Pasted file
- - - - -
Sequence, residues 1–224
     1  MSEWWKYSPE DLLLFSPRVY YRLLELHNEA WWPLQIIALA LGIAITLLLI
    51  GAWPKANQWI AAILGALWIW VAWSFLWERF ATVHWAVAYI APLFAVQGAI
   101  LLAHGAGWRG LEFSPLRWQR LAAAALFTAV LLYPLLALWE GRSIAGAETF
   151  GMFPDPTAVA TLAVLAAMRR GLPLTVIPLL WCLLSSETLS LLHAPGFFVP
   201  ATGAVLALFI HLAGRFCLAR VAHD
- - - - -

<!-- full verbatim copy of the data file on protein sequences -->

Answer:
Sequence, residues 1–224
     1  MSEWWKYSPE DLLLFSPRVY YRLLELHNEA WWPLQIIALA LGIAITLLLI
    51  GAWPKANQWI AAILGALWIW VAWSFLWERF ATVHWAVAYI APLFAVQGAI
   101  LLAHGAGWRG LEFSPLRWQR LAAAALFTAV LLYPLLALWE GRSIAGAETF
   151  GMFPDPTAVA TLAVLAAMRR GLPLTVIPLL WCLLSSETLS LLHAPGFFVP
   201  ATGAVLALFI HLAGRFCLAR VAHD